For-profit colleges are under fire because students often graduate with large amounts of debt and few job opportunities, and because for-profit colleges misrepresent the quality of their programs. Recent Woodstock Institute research shows that for-profit college students often struggle with higher amounts of loans compared to their non-profit and public student counterparts with similar demographic and financial characteristics. Unaffordable debt, combined with poor job prospects, result in disproportionately high default rates for for-profit student loan borrowers. The default rates for non-traditional loans are higher than the rates for traditional loans. In 2013, 17 percent of non-traditional loans were in forbearance or were over 90 days delinquent compared to seven percent of traditional loans.
Sallie Mae Bank encouraged students to use its prepaid debit cards to receive federal student aid disbursements. These cards came with a variety of fees that drained students’ federal financial aid.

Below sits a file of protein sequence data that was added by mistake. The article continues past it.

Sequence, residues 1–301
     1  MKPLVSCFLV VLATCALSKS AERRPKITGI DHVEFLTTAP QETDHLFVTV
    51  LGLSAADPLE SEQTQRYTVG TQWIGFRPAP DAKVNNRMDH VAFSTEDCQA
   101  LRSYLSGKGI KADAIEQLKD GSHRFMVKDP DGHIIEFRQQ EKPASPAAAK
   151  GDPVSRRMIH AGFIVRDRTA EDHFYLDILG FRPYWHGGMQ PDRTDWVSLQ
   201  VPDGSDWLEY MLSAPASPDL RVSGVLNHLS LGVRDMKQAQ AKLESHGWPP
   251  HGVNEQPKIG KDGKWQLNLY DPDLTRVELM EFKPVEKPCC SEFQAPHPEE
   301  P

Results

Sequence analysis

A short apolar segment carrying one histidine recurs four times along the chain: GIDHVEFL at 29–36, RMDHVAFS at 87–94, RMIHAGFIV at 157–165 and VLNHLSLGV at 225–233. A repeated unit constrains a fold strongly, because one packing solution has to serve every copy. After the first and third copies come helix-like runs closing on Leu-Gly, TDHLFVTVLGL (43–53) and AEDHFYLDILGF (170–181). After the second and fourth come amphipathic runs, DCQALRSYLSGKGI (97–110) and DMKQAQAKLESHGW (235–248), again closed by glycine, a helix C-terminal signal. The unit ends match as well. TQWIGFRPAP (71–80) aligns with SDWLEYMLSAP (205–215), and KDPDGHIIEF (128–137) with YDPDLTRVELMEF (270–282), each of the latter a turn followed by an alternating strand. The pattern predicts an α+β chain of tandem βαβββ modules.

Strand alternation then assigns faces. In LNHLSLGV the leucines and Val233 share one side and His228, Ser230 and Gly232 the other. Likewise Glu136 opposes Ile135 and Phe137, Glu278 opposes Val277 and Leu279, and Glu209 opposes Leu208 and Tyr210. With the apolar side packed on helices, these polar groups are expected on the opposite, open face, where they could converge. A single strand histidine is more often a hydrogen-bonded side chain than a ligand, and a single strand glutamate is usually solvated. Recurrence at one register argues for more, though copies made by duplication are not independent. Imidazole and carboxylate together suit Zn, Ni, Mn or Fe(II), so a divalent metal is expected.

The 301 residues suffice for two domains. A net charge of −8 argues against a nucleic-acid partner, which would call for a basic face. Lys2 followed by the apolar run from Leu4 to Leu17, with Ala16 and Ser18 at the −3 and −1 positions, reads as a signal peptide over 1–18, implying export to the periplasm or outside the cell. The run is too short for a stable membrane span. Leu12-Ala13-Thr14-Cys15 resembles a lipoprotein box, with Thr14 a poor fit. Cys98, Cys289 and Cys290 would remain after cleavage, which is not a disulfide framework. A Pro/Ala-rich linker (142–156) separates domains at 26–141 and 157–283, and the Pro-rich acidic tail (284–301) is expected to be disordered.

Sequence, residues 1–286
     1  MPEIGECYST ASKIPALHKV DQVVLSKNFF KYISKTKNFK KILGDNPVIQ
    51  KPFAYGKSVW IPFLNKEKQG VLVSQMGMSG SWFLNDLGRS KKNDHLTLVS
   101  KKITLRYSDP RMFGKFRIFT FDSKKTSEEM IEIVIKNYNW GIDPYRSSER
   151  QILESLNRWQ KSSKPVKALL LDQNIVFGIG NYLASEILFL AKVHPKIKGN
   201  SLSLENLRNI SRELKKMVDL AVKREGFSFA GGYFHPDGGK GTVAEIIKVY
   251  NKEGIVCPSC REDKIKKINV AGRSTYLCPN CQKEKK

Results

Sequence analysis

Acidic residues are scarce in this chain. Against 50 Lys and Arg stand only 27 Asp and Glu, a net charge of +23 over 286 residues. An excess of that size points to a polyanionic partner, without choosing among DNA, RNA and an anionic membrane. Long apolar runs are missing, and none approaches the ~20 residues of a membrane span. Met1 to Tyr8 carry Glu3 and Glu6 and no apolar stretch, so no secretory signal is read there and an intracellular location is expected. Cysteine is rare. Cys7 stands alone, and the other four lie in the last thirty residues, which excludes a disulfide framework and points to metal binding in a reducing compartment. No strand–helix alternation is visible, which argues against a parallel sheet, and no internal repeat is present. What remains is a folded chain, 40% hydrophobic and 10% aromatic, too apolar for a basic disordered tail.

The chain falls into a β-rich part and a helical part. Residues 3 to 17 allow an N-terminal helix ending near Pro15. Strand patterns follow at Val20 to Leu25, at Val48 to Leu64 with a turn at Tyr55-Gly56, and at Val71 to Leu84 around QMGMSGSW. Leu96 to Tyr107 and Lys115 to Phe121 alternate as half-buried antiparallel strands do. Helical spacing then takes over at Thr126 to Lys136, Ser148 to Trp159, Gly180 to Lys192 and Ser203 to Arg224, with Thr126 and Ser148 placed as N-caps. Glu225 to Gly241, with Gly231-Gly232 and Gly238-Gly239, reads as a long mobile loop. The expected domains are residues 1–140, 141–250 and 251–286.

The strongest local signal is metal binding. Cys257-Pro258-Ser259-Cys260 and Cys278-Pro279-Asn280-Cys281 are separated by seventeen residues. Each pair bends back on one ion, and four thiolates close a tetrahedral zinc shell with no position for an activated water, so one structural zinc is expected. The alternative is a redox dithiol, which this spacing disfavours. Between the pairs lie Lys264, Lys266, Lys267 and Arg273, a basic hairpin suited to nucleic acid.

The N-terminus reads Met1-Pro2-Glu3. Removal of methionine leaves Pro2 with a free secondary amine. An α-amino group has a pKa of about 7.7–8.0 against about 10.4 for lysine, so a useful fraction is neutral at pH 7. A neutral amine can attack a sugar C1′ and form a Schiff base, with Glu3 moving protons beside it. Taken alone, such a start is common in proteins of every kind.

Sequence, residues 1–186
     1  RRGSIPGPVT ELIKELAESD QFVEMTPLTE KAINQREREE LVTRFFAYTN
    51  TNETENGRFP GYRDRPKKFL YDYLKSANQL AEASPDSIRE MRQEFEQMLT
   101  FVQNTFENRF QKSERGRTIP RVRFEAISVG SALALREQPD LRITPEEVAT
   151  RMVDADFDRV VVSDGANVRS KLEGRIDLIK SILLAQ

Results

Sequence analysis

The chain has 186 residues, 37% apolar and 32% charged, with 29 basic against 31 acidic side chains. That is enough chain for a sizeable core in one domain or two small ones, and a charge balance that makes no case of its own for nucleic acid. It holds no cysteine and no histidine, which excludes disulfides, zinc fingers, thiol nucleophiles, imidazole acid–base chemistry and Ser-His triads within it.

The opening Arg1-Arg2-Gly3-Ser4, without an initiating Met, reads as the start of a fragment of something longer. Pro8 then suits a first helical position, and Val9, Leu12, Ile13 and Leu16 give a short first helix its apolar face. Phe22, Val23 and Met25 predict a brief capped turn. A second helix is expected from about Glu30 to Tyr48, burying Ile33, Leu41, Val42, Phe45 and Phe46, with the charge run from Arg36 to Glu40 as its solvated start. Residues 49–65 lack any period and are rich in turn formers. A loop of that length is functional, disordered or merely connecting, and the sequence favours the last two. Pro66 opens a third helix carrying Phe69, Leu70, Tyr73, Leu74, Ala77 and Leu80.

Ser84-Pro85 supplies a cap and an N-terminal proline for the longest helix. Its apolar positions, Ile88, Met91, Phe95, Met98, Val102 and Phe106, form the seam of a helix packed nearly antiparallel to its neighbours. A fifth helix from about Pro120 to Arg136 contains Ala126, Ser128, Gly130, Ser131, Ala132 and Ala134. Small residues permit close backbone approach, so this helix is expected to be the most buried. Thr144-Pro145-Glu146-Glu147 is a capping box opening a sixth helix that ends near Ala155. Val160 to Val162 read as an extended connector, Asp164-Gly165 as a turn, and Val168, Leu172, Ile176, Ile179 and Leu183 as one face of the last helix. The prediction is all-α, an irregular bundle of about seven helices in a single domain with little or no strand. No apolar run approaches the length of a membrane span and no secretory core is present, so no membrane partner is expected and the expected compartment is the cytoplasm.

Under the CRA, banks are encouraged to meet the credit needs of low- and moderate-income people. Over 500 complaints about Sallie Mae Bank have been submitted to the Consumer Financial Protection Bureau (CFPB) and state and federal law enforcement have investigated Sallie Mae Bank repeatedly. Sallie Mae Bank has already received a “Needs to Improve” rating on three CRA examinations, but it appears that the bank has no incentive to improve. Sallie Mae Bank’s CRA activity is currently assessed entirely on its performance in and around Salt Lake City, Utah, despite having a national lending and deposit footprint. Woodstock Institute urges the FDIC to hold Sallie Mae Bank accountable for adequately serving the credit needs of student loan borrowers in low- and moderate-income communities and to use its safety and soundness authority to require changes in bank management and limits on its ability to continue growing and offering securities backed by predatory student loans.